Grizzly 399 and her four cubs have left Grand Teton National Park, taking a southern tack much earlier than officials and wildlife watchers expected.
“As far as we know, this is the farthest south she’s been this early in the year ever, and that does have us concerned,” Chief of Staff Jeremy Barnum said.
That “increases the imperative that she not get food rewards,” he said.
“The hope would be if she and the subadults don’t get food rewards, they’ll instead focus on natural food sources, which hopefully would lead them back up into the park,” he said.
Dan Thompson, the Wyoming Game and Fish Department’s large carnivore supervisor, confirmed this is the earliest 399 has left the park: less than a week after emerging from the den.
In the past two years, 399 and her cubs have ventured down into the southern part of Jackson Hole later in the year, getting into human-related foods two falls in a row.
The grizzlies’ more recent movements had wildlife managers and watchers concerned. Bears that repeatedly access human-related foods can get aggressive in trying to get to them, presenting a safety hazard for humans and thus increasing the potential for more invasive management actions: hazing, relocation, and live or lethal removal.
Wildlife managers are currently focusing on conflict prevention, asking people in Teton County to lock up attractants like trash, beehives, compost and chicken coops.
But they have said more severe management options are on the table this year for the famous fivesome. That’s particularly true for 399’s cubs, which are expected to separate from their mother sometime this spring and have a history of accessing human-related food.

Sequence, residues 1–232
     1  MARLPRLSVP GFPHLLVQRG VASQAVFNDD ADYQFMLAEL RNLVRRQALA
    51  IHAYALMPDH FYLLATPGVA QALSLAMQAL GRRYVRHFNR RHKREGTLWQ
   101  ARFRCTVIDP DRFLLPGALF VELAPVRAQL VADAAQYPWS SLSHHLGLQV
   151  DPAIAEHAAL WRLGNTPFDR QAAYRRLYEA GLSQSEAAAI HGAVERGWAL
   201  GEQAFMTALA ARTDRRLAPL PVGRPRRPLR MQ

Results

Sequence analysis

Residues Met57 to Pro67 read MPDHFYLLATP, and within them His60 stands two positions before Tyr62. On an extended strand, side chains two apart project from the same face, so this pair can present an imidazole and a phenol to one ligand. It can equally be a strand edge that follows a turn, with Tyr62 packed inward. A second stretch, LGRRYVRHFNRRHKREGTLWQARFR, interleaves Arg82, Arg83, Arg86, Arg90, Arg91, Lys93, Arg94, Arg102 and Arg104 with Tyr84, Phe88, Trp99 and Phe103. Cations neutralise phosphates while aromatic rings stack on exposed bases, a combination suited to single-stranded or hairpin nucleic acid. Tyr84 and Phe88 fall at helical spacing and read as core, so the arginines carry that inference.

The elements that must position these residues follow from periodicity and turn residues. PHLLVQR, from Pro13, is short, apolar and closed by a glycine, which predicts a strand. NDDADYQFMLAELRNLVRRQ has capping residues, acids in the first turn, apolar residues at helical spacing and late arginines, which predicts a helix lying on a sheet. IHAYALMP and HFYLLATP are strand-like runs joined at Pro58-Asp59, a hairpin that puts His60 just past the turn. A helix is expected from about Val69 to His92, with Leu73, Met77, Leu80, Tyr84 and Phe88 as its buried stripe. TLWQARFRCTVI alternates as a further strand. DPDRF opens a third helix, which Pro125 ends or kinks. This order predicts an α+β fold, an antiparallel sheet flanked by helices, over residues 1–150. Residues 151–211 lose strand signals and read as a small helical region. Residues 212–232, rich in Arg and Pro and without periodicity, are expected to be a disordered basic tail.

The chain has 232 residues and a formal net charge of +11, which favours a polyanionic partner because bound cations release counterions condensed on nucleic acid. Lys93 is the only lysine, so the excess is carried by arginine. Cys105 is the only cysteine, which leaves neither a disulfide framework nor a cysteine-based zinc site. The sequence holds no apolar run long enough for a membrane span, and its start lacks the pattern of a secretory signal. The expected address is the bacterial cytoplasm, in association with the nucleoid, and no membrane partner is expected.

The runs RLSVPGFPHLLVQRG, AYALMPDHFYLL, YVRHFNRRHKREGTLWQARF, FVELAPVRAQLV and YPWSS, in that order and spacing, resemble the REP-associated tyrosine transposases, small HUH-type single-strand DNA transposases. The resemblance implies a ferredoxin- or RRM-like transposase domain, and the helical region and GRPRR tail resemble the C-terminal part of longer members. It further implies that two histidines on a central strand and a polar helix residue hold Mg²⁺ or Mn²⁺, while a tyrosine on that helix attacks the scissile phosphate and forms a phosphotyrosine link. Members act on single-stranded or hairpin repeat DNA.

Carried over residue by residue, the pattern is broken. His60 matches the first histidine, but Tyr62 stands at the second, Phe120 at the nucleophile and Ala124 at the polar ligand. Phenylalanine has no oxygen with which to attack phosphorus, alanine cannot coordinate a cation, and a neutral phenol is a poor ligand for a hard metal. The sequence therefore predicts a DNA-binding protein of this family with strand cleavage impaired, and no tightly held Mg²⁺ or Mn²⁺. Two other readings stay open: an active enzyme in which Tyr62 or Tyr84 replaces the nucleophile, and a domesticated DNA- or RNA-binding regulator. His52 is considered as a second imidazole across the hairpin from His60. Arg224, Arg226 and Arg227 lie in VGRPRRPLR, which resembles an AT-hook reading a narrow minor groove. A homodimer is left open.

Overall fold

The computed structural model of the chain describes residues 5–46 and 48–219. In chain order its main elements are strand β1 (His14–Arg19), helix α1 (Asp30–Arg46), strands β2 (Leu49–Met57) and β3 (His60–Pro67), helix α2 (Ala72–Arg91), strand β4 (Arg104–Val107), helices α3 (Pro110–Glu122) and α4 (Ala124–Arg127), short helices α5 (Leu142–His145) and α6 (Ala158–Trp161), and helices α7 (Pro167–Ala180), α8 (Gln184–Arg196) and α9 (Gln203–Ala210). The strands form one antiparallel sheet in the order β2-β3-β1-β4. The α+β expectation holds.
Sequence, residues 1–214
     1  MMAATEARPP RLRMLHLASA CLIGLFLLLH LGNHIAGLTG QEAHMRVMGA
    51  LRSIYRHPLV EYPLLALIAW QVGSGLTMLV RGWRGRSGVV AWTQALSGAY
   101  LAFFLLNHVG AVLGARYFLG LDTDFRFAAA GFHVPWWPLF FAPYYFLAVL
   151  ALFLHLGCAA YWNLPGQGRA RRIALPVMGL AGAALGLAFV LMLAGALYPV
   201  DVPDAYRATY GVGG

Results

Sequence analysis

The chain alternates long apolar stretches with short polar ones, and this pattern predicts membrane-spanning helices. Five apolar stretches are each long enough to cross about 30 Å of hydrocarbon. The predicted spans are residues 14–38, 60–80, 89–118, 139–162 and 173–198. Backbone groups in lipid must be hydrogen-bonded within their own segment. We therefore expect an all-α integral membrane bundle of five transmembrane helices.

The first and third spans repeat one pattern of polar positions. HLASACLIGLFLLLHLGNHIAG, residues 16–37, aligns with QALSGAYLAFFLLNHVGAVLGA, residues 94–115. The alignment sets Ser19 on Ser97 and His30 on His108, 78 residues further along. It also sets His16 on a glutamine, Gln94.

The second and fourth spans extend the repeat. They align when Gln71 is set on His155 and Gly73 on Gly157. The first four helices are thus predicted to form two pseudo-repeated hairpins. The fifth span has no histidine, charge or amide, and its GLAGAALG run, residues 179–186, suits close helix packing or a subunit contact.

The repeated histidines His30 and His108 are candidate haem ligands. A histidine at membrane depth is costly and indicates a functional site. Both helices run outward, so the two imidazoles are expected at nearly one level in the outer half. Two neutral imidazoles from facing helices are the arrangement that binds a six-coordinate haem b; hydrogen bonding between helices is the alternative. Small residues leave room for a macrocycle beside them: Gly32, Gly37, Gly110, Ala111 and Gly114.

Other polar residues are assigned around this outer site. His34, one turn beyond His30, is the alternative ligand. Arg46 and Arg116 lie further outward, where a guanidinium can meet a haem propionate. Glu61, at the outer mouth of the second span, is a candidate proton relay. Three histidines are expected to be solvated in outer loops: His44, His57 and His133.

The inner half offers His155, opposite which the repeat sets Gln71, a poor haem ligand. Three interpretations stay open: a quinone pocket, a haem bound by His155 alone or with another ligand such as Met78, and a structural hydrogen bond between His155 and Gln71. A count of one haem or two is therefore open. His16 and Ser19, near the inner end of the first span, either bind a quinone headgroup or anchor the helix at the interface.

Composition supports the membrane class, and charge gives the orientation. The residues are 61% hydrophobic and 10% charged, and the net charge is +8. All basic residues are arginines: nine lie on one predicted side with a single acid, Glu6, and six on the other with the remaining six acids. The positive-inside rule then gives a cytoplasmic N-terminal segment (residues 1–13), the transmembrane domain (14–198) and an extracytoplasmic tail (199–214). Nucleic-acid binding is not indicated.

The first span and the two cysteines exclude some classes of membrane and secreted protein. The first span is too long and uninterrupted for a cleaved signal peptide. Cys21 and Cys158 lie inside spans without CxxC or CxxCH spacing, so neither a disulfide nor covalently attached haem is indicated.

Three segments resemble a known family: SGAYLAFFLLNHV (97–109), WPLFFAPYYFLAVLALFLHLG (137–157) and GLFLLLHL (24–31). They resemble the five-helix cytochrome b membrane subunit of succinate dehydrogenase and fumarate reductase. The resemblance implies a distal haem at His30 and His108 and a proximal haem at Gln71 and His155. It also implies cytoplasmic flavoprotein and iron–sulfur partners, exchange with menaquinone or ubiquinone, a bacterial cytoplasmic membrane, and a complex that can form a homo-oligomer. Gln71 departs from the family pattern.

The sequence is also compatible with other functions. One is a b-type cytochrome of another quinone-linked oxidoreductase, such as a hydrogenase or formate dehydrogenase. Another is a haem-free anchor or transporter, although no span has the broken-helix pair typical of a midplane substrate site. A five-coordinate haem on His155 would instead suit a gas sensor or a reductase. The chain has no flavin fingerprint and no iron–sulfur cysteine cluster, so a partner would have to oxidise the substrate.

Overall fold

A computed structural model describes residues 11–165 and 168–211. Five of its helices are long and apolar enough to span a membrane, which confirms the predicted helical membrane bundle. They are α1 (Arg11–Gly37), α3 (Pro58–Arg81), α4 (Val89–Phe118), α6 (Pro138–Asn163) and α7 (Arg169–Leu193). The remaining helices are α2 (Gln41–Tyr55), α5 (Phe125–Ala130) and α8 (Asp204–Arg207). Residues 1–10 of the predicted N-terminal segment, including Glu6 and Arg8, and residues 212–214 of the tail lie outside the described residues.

“Those offspring haven’t been taught how to forage naturally,” Thompson said.
399’s current southern foray comes a few months before July 1, when Teton County’s new wildlife feeding ordinance goes into effect.
It will require bear-resistant trash cans, and residents in areas outside of the town of Jackson will have to lock up other attractants. In the meantime, compliance is encouraged, but voluntary.
Kristin Combs, executive director of Wyoming Wildlife Advocates, worries the county is not ready for grizzly season.
“Absolutely not,” she said. “Not prepared at all.”
Nonprofits like hers, meanwhile, are trying to move the needle on locking up attractants. It has raised $200,000 to purchase 280 bear-resistant cans and offer some to residents at reduced costs. Thompson said the county is also in a state of “hyper awareness” given 399’s recent history.
“I think that’s a good thing,” he said, also pointing to relatively low tourism in the valley as a positive.
Game and Fish is responsible for managing 399, her cubs and other bears outside the park. Last year, Game and Fish officials called in the U.S. Fish and Wildlife Service to help them manage 399 and her brood.
But state and federal wildlife managers have said they plan to have the state agency manage the 399 situation this year, with feds as backup if necessary.
With the celebrity bear outside Grand Teton, Thompson said, there haven’t been any issues so far. The bears have largely stuck to a Snake River drainage.
“They’re not in a bad spot right now,” he said.
But members of the public have been tailing the bears, and Game and Fish officials are on the ground monitoring the bears’ movement.
Thompson asked the public to not be “selfish or ignorant about these bears or any wildlife.”
“Give these bears space, give the wildlife space, give the people on the ground space,” Thompson said. “Don’t put yourself in a position that’s going to be bad for you or bears.”
To confirm 399’s location, Barnum cited data Thursday from the radio collars placed on two of the cubs last season. There’s a lag in that information — Barnum referenced data from the day prior — so it’s not clear where, exactly, 399 was at press time Thursday. But Barnum said the bears made their way out of the park along the Snake River bottom.
Grizzly photographer and advocate Tom Mangelsen said he had spotted them Wednesday evening east of Teton Village and had heard reports they had been spotted farther north Thursday.
“Hopefully she’s going north,” Mangelsen said.
The photographer also admitted he was a bit flummoxed by how quickly the bears had moved south.
“I didn’t really think she’d go far south,” said Mangelsen, who predicted otherwise. “The airport was about as far south as she’d ever gone that I’m aware of at this time of year.”
Thompson asked the public to continue to relay information to Game and Fish so the department can “act appropriately.”